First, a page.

(…) While Erdan is clearly right in condemning Airbnb’s decision as unfair and unjust, boycotting the boycotters is unlikely on its own to solve the problem. It would be much more effective for Israel to lobby governments around the world to stop the BDS movement’s drive to harm not only the settlements but the Jewish state itself. (…) Looking at the big picture, Israel needs to crush the BDS lie that it is comparable to apartheid South Africa by showing that most Jews and Arabs live here peacefully (…) and that decisions such as Airbnb ultimately harm prospects for peace rather than encourage them. (…) We urge Airbnb to reconsider its decision to feed the monster that calls itself BDS, which not only undermines efforts to resolve the Israeli-Palestinian conflict peacefully but ultimately aims to see the end of Israel.
Editorial, JPO, 22.11.18
Airbnb falls for BDS´s antisemitic trap
(…) The obvious question is why Israel? Why not any other conflict zone around the world, or the many dictatorships and closed regimes? (…) If they were honest, Airbnb’s executives would admit that this change in policy targeting Jewish-owned homes in the West Bank followed a coordinated and well-financed campaign led by BDS NGOs. (…) There is no doubt that the company feared being included in the forthcoming UNHRC “blacklist” of companies doing business over the 1949 Armistice line, and other forms of negative publicity. (…) As Airbnb states, their “global platform” is offered in 191 countries and regions and in more than 81,000 cities. These include human rights violators on massive scales, such as China, Saudi Arabia, Russia, and even war-torn Yemen and Somalia. Airbnb listings can be found in the occupied Western Sahara, Nagorno-Karabakh and Northern Cyprus. There is even one listing for Russian-occupied Crimea.
State sponsors of terror are not being removed from Airbnb’s platform, nor are countries where gender equality is nearly nonexistent. Only Jewish-owned properties in the West Bank have been the subject of an intensive NGO campaign. (…)
Becca Wertman, JPO, 22.11.18
Saeb Erekat, Airbnb and BDS
(…) PLO Secretary General Saeb Erekat (…) has been celebrating a decision by the “Airbnb” international home-renting company, to remove listings of vacation apartments in Israel’s West Bank (…) settlements (…). The Airbnb decision is premised on a (…) letter sent by Erekat, in the name of “The State of Palestine,” (…) condemning “illegal colonization of Palestine” (…). Erekat’s oft-repeated and tedious propaganda in this, as well as other issues related to the Israeli-Palestinian relationship, is based on flawed, slanted and highly partisan determinations, exaggerations and lies. All these in fact belie his own deep involvement in negotiating the Oslo Accords with Israel. (…) in allowing itself to be manipulated by Erekat, Airbnb is prejudicing a large basis of customer support among Jews, Christians and Moslems all of whom work together in the very areas which Airbnb is now boycotting. In fact, the homes being used in the West Bank that are now being boycotted by Airbnb, are a subject for ongoing negotiation under the Oslo Agreements. (…) Despite the fact that Erekat represents himself in the name of the “State of Palestine,” such a state does not exist and has never existed and is incompatible with the accepted international law requirements for statehood. (…) Since there exists no Palestinian state, then there is no “occupied Palestinian state,” or “occupied Palestinian territory,” as claimed by Erekat. (…) the malicious allegations by Erekat regarding “illegal colonization” (…) are totally incompatible with his own, and the Palestinian commitments in the Oslo Accords, as drafted by Erekat himself. (…) The fact that Airbnb has allowed itself to be manipulated and pressured into singling out Israel and joining a boycott of Israel’s towns and villages in the West Bank is regrettable. (…)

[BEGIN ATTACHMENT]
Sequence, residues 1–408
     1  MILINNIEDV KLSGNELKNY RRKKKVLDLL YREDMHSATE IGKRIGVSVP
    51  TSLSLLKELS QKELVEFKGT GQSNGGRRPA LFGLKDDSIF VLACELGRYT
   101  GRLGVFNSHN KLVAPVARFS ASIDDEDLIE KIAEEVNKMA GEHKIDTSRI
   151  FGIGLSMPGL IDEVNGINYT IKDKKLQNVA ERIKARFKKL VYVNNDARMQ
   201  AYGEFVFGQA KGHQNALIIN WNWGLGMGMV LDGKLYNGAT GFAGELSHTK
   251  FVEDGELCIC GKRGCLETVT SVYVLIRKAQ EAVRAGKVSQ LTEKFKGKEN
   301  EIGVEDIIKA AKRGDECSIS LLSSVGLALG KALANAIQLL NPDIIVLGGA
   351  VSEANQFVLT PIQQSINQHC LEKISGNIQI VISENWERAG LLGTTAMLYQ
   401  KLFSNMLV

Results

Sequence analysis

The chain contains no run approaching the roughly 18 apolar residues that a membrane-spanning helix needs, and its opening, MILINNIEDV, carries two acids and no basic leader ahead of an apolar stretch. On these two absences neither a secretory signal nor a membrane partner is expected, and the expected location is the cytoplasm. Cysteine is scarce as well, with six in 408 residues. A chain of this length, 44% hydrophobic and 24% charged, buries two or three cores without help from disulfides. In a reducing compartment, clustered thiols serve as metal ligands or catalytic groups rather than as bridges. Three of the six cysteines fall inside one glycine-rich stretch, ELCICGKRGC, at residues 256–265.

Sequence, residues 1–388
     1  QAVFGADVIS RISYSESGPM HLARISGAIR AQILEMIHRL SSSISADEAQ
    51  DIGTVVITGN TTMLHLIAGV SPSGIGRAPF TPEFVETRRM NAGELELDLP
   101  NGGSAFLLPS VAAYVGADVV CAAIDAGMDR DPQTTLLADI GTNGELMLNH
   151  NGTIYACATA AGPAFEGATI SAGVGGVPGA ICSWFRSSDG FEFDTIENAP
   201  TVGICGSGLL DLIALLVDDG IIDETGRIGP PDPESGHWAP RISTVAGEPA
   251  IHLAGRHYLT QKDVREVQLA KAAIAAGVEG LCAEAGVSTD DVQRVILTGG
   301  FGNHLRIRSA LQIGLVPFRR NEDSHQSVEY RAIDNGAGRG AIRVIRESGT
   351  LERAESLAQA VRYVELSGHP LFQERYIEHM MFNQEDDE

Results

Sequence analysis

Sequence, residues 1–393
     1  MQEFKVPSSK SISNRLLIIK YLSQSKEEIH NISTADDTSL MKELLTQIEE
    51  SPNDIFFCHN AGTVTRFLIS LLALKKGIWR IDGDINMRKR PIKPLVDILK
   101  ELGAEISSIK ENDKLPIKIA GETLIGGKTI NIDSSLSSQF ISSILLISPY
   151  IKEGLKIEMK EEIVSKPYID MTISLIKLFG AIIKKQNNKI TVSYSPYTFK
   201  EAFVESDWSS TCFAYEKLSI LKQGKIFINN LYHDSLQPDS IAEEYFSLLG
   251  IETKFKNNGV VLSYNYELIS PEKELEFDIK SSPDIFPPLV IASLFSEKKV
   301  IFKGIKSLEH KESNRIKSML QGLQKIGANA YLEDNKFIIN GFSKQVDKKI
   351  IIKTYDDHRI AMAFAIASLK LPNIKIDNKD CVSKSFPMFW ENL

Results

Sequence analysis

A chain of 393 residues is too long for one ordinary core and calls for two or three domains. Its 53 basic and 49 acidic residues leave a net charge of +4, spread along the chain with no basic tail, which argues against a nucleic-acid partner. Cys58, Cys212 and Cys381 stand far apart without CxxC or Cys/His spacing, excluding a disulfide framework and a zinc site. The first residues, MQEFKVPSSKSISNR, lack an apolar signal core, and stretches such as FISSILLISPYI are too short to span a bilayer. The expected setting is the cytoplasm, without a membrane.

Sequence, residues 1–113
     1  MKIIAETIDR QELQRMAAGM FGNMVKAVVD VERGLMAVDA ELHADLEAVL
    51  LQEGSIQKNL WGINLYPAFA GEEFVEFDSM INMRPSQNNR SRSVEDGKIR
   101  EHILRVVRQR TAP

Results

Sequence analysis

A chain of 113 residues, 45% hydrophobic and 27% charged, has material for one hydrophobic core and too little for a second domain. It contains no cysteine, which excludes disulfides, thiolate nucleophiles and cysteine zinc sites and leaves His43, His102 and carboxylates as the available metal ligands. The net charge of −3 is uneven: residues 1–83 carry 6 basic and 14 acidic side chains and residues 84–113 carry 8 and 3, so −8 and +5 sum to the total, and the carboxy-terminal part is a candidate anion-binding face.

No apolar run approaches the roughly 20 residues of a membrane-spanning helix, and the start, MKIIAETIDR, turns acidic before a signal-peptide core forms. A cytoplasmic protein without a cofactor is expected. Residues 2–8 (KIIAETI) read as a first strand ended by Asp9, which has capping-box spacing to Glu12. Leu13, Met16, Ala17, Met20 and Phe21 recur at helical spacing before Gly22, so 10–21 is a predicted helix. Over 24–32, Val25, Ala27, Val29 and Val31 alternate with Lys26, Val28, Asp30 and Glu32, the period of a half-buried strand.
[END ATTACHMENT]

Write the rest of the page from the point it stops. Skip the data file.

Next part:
Alan Baker, JPO, 22.11.18
Liberal Zionists faced a critical test with Airbnb. We flunked it
(…) settlements are (…) nearly globally viewed as a violation of the Fourth Geneva Convention. Israel’s (…) This insistence on erasing the Green Line, the 1967 borders, is hardly new. (…) for those who reject the international consensus on the illegality of the settlements, this could only be an act of anti-Semitism – for, in their eyes, it discriminates against Jews “for the sole reason that they are Jewish,” an ironic statement considering the homes often sit on stolen land in all-Jewish communities that local Palestinians cannot enter, let alone rent in. The settlements are equated with Israel, and Israel with the Jewish people. Ergo, opposing the settlements is anti-Semitism. (…) the majority of American Jewish liberal Zionists (…) seem to be in full support of the rightwing position, conflating boycott of the Jewish settlements with boycott of Israel itself. It’s a telling conflation, but a dangerous one. (…) Airbnb actually does apply this ethos to other regions. (…) they have officially banned all listings in Russian-occupied Crimea for quite some time. (…) Their stated goal is not to shut down operations in every non-democratic country, or in every country that limits which nationalities may visit, but rather to avoid profiting from foreign occupation at the heart of larger regional disputes and so as not to “contribute to human suffering.” (…) Airbnb – which two years ago waived its fees in Israel in order to alleviate the stress of those left homeless by devastating fires – has not boycotted Israel in retaliation for its government’s commitment to the settlements. It still operates in Israel, including East Jerusalem and the Golan! (…)